Steve: The reason would be that there's not enough sales in their opinion to keep it because you have to realize there's only a certain amount of SKUs that they can have in any store. And so, if a certain color doesn't reach to what they think the potential should be, then they'll drop that color. A color that I wished we had in every bait that we make, including the Rage Shad, I wouldn't care, is plum and Red Bug. I think Red Bug craws could rule the world in many places. So don't think that I don't try to get certain colors because all I do is fish. I shouldn't say all I do is fish, but I fish a lot. But all I fish is Rage Tail.
It's not like I don't change and change and tweak and tweak and find out which color is going to work at any given time. I think yesterday I told somebody I didn't like that much, I don't even know why I told him, that I said you need to get some of the giveaways we had. You need to get this bag of Rage Craws right here because nobody realizes just how good it is, a green pumpkin back with a pearl belly. It could very well be one of the hottest colors that's even been produced in soft plastics, not just craws but soft plastics.
Why is it so good in a craw? That's the first color that they turn to after molting. They turn to a kind of green pumpkin, greenish back, and a pearl belly. It's one of the most popular colors that you can make a crawdad of, in my opinion. How many people are doing it? I don't know. We started it last year, and now I'm sure other people will follow. But even Long Mike is no fishing puke, you know. [laughter] Sorry, Mike. That's on video too. No, no, Mike is one of the best guys to figure out a color.
Last year I went fishing with Mike in his boat, and I was fishing with a certain color. And I was just whacking the fish. I was getting them pretty often, and then he went to a color and he started handing it to me. In fact, he handed it to me so bad that I didn't catch another fish because I didn't have time to cast. I was too busy taking his fish off and retying his hooks because he said he couldn't see or something. He made some excuse to make me do all the stuff for him.
But anyway, he found another color that even far better than what I was using. That's just another thing that you all need to think about. Just because you are catching fish in one color, don't mean that you can't catch more on another color. And it's always fun to tweak the bite. It’s always fun when you have somebody like Mike in boat…well, it’s really not much fun when you have Mike in the boat, but if it’s just him that you’ve got it’s always fun if y’all change colors and try to find out who’s got the best.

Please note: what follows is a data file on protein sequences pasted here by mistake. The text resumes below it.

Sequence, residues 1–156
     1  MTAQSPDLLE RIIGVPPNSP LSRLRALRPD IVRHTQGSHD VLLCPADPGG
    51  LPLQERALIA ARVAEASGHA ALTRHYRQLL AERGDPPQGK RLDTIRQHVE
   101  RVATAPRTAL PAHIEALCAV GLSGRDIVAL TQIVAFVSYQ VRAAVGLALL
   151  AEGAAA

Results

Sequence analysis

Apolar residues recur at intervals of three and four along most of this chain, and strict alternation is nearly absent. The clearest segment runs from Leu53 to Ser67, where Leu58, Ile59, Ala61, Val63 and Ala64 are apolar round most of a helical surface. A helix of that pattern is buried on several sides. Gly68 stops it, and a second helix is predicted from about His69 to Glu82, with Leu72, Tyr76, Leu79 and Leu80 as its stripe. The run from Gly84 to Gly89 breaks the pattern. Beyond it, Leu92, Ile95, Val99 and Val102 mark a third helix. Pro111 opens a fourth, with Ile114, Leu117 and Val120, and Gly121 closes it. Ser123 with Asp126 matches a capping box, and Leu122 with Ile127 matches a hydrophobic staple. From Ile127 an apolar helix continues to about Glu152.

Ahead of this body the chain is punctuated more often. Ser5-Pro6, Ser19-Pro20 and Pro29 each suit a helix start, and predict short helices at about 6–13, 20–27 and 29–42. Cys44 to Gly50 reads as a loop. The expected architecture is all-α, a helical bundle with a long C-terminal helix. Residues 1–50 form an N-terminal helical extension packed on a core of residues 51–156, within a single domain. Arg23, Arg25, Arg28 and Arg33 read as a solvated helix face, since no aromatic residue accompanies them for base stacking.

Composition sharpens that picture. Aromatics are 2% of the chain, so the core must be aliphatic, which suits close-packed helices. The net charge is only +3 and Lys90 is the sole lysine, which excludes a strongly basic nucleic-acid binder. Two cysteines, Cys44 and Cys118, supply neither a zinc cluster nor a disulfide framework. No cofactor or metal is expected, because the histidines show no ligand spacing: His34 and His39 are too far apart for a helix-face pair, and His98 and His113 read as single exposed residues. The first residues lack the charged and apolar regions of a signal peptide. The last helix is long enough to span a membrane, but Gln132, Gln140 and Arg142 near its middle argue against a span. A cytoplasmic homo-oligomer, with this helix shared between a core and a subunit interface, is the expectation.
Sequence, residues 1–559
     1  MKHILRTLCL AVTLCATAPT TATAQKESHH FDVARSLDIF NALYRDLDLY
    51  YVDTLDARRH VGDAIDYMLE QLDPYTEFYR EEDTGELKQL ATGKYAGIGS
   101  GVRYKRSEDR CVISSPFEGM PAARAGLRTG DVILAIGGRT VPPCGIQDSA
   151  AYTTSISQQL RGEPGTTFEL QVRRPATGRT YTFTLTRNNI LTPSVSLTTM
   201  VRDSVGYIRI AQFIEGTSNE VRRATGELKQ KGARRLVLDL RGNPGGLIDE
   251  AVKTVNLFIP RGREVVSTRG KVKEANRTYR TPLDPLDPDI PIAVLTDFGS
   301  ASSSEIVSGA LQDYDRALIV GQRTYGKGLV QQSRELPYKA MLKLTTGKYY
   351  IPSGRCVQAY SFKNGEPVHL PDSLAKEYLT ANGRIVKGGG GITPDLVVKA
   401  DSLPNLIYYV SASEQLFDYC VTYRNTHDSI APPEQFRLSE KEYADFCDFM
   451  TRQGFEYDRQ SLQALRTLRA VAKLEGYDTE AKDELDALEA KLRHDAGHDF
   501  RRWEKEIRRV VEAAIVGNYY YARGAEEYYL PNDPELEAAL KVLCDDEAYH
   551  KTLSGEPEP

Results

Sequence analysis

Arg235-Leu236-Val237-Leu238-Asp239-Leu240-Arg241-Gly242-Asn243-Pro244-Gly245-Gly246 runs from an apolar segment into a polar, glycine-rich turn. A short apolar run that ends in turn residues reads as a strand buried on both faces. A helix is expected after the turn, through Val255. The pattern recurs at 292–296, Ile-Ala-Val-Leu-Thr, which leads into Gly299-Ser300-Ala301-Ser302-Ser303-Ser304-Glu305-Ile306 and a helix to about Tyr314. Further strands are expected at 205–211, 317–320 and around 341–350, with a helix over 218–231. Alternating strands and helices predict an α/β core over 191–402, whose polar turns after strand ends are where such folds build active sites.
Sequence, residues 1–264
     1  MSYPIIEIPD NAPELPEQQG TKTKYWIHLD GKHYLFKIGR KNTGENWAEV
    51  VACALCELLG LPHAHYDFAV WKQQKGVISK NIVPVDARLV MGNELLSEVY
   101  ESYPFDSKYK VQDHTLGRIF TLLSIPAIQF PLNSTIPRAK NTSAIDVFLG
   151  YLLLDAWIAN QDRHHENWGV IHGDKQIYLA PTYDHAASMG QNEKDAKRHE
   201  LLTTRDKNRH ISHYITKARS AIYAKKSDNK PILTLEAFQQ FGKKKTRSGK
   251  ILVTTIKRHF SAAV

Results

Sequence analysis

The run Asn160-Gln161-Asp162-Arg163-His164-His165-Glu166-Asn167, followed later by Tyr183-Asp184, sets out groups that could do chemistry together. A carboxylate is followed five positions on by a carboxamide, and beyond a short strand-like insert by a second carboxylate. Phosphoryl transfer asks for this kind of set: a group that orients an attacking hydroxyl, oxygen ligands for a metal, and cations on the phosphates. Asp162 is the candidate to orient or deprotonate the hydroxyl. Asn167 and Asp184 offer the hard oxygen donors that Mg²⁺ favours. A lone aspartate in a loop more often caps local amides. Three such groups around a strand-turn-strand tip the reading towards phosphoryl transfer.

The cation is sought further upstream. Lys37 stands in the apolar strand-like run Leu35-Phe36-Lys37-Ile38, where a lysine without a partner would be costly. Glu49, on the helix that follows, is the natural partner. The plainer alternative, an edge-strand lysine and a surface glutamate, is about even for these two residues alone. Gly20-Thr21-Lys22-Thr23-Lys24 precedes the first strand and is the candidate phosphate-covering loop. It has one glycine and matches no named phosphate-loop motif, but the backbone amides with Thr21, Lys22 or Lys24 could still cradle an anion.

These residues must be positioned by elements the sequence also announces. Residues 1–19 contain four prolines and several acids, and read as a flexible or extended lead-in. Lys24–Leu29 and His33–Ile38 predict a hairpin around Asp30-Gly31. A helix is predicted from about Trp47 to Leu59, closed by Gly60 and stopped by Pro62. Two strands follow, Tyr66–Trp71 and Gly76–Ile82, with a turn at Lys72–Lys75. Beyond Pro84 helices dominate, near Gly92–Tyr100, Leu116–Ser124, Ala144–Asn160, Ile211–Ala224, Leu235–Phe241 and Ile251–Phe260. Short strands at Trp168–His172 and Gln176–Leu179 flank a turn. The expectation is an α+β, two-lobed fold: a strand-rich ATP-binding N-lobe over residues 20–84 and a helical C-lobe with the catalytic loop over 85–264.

But anyway, thanks again everybody for inviting me. I get to fish here again one more morning and then I’ll be heading out. But it’s been fun as always, and if y’all have any questions remember email@example.com send me an email and hey, let’s talk.
Audience: I’ve got one more question for you. On the the chatter-style bait and how you were tying to it. I was looking at it, and I’m confused. You put it through the line tie and you wrap around it.
Steve: That little bitty eye right at the top.
Audience: That’s what you tie through?
Steve: That’s what you tie through. And believe it or not, I use 25lb Vicious fluoro, which is about as big as fluoro as you’re gonna get. I don’t know anyone that uses bigger than that, not with this bait. But that’s the only fluoro I use. And I can tie a Palomar with that with ease, and I can’t see anything. So it will fit with 25lb fluoro.
It will handle plenty of big fish. I don’t know big the drum we were catching on this and we caught a bunch of them. It handles big fish. You can trust that hook too. It’s a good hook.
Another thing, put different, whatever profile you want to put on it. One of my favorite trailers is the Cutter worm. I’ll take one inch of the head of a Cutter worm and put it back there, and it’s the same length as a shad and it’s got that whippin’ tail it’s a little bit smaller profile than the Eeliminator. I won’t put the entire Eeliminator on there. I’ll cut about an inch off the head of the Eeliminator, trim the sides off of it, and then I’ll just swing it up on the hook.
So you can really do anything with this bait as well. How many of you have changed jig trailers on your regular jigs? Everybody. Well you can do that with this as well.
Audience: What kind of worm would you put on there? Would you put it on with tail down or up, that little flange.
Steve: It really, believe it or not this bait is gonna ride up in the water column. Why? Because the bill is facing this direction. So when you put forward pressure, it’s gonna try to ride up on you. But if you put an Eeliminator on it and you put the Eeliminator facing down like this, the Eeliminator tail pulling back like this pushes the head down.
I like the Eeliminator tail because it’s got a different action than the rest of the baits out there. It’s a whip, snap, pow, pow, pow, pow. Like that. It’s not just a paddle. I also like the Cutter worm because it has a unique action just unto itself.
But you could put a swimbait on the back of it and you’ll be fine. I wouldn’t put a bait that’s gonna have a real big paddle tail that’s gonna put a lot of drag on the bait itself. Because it’ll be hard to fish that deeper in the water column.
Key to it is to change it up a little. Baby Craw works good. The Menace works well on this. But just change it up and see what you think about it.
Any other questions? Thanks again.